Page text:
(Pages 94-106)
5. God as a Covenant-God: Covenant (berit) is not a concept unique to the Old
Testament, but it is the concept that is used to explain the relationship between God and a
particular people. God enters into covenant with Abraham and then with His people
Israel at Sinai. Transgression of the laws of the covenant then signifies a violation of the
relationship with God. The Israelites agree to stay in relationship with God by fulfilling
His commandments. The covenant also signifies God’s promise to the Israelites to stay in
relationship with them, to be their savior and redeemer.
Leviticus: When we refer to the purity code of the OT we usually use the term "Levitical
Purity." Read chapters 11-13 and 18 to get an idea of what this code contains. What
eating habits would you have to change in order to dwell with God's people in the Mosaic
covenant? What is the role of the priest in the purity laws? Read Lev 16 for a description
of the scapegoat ritual. What purpose does the day of Atonement (Yom Kippur) and the
ritual of the scapegoat serve? What does the word atonement mean? Skim Lev 23-26, the
chapters dealing with festivals. What is the reason for releasing slaves in the Jubilee year
25:55? Modern readers are often troubled by the emphasis upon animal sacrifice in the
Old Testament. We will discuss this in class.
Numbers contains a good number of census materials, but it also contains some stories
and some legal material. Read Num 6 for the description of the Nazirite vow and the
priestly benediction. Practice reading Num 6:24-26 aloud. What does it mean to be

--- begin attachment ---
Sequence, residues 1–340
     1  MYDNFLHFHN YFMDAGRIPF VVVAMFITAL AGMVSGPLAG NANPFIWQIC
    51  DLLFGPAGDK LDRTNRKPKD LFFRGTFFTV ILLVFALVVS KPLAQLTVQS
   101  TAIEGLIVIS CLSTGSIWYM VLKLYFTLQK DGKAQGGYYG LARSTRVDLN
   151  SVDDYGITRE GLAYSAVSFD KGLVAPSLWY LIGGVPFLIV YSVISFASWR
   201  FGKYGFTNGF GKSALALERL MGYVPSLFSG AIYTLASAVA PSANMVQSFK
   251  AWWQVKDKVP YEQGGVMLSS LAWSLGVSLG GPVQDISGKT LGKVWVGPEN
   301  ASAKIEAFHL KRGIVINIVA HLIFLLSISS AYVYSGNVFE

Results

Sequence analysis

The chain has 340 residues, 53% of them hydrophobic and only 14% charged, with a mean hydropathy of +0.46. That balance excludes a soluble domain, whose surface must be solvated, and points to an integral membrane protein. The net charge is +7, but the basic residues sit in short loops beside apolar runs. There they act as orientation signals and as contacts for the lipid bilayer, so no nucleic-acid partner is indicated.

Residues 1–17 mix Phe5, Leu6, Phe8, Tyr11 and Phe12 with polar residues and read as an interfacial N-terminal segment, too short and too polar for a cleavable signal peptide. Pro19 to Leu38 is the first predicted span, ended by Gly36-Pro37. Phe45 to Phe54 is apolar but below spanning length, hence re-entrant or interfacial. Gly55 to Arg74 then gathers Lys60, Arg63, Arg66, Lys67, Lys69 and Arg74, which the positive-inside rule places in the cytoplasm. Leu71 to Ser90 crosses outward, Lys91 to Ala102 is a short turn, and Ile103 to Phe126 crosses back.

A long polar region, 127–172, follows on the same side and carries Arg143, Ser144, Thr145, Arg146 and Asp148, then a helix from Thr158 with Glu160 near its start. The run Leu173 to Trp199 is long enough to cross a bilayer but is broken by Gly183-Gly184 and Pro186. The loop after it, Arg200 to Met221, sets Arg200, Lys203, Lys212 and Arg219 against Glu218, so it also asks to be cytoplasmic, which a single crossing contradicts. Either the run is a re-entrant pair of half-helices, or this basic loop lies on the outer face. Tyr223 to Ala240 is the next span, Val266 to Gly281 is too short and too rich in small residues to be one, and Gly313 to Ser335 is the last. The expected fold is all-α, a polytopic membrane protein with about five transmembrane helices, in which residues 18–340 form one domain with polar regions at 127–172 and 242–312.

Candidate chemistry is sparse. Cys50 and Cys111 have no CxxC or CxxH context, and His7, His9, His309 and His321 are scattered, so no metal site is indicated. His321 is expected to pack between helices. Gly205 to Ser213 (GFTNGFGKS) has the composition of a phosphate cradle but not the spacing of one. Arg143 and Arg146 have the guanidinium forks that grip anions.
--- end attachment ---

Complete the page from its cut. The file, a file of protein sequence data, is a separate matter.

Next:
blessed? Read the stories of Aaron and Miriam and the spies sent to Canaan in chapters
12-13. What elements in these two stories do you find ironic or humorous?
Deuteronomy also contains many commandments. One significant difference from the
book of Exodus is that this book describes how the people renew the terms of the
covenant before they cross the Jordan into the promised land. It provides a precedent for
covenant renewal. Read chapter 6 because it contains the first part of the Shema, one of
the most important prayers in ancient and modern Judaism. Memorize Deut 6:4-9. Many
of the laws in this book seem meaningless to us. What does Deut 6 remind the Israelites
about the basis of the commandments? Look at 10:12-22 as well. These are key passages
for understanding the law. How does one circumcise the foreskin of his or her heart?
Upon whom in society should one practice justice in order to imitate God's love of Israel?
Read the following legal material: 14:22-25:16. Which laws strike you as being ones that
we should seek to follow in order to be more just? Which laws strike you as being overly
severe? We will discuss the role of the death penalty in the covenant in class. Scan the
way that the covenant is ratified in chapters 27-28. Chapter 32 contains a long song
entitled The Song of Moses. Many of the themes and images of this song are echoed in
Jeremiah. Chapter 33 contains Moses' final blessing upon the tribes of Israel. Read about
the death of Moses in Chapter 34.